Hart wants $2.5b for reshuffle

By Tamsyn Parker

Graeme Hart. Photo / Martin Sykes
Graeme Hart. Photo / Martin Sykes

New Zealand's richest man, Graeme Hart, wants to raise US$1.75 billion ($2.5 billion) to fund a second reshuffle of his global packaging empire within eight months.

Hart, estimated to be worth US$5.3 billion by Forbes, has revealed plans for his Reynolds Group to acquire US firm Evergreen Packaging and Carter Holt Harvey's Whakatane Mill.

Hart is the ultimate owner of all of the businesses. The deal would see Reynolds' debt hit $8.36 billion - a level that would exceed its present $7.76 billion in equity invested in the business.

The move follows Hart's decision in October to allow Reynolds' subsidiary company, Beverage Packaging, to buy plastic and foil food wrap maker Reynolds Consumer Products and bottle-cap producer Closure Systems International for US$3 billion from his Rank Group.

That deal was funded through US$2 billion and €700 million of senior secured debt, €116 million cash and €500 million of equity.

Known as a master of leveraged buy-outs, Hart typically buys poorly performing businesses and turns them around before selling them off.

Rumours have circulated since February of Hart's plans to sell part or all of his packaging empire in a sharemarket float.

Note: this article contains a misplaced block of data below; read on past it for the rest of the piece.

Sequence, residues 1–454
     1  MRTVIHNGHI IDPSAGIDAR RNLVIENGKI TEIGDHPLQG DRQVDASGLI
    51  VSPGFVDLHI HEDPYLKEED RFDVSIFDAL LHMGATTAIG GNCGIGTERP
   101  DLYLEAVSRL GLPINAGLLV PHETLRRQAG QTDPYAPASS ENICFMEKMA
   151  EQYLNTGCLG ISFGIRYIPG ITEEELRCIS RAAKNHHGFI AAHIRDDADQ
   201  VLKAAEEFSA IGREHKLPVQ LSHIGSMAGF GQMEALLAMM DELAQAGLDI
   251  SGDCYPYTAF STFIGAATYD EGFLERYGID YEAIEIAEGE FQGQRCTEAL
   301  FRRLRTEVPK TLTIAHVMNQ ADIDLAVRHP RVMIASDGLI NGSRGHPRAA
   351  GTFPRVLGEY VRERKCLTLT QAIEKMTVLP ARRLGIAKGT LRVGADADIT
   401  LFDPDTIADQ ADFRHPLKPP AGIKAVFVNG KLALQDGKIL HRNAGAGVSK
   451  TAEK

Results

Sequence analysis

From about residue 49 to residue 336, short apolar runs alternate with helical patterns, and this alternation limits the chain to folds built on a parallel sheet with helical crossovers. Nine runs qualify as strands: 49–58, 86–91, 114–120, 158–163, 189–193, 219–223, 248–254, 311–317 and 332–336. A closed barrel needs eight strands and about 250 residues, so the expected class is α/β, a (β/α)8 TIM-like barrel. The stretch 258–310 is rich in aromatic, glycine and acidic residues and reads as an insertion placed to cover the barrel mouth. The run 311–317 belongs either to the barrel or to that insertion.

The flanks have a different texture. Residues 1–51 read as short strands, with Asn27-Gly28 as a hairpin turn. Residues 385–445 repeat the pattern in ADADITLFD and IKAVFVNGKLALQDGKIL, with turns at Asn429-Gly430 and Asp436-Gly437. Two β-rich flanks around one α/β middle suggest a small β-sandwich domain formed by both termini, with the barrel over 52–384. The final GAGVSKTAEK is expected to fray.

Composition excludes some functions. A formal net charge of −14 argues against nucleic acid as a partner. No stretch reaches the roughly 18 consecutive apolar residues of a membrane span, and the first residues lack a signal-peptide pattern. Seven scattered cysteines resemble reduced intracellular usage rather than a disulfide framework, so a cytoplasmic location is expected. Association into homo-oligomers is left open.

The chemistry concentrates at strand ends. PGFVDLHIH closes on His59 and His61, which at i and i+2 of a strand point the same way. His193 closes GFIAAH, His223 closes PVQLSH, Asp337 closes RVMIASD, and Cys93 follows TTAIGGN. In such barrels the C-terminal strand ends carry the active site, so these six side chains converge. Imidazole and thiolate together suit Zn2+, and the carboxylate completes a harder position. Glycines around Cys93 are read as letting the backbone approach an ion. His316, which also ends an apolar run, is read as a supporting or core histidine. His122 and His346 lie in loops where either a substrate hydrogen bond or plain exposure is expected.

Yesterday his Auckland office said he had no comment to make on the proposed acquisitions.

The company said the debt raising would be guaranteed by Reynolds Group Holdings and certain of its subsidiaries as well as members of the Evergreen Packaging group of companies.

But financial results released at the end of March show Reynolds Group Holdings made a profit of just €11 million in the 2009 year for its continuing operations.

That was an improvement on the previous financial year when it made a loss of €158 million. At the same time the company's revenue has grown from €2.67 billion to €2.82 billion.

The report also notes Reynolds had €973.6 million in variable rate debt, meaning an increase in interest rates could increase the cost of servicing the debt and "could materially reduce our profitability and adversely affect our ability to meet our obligations under the notes".

- NZ Herald

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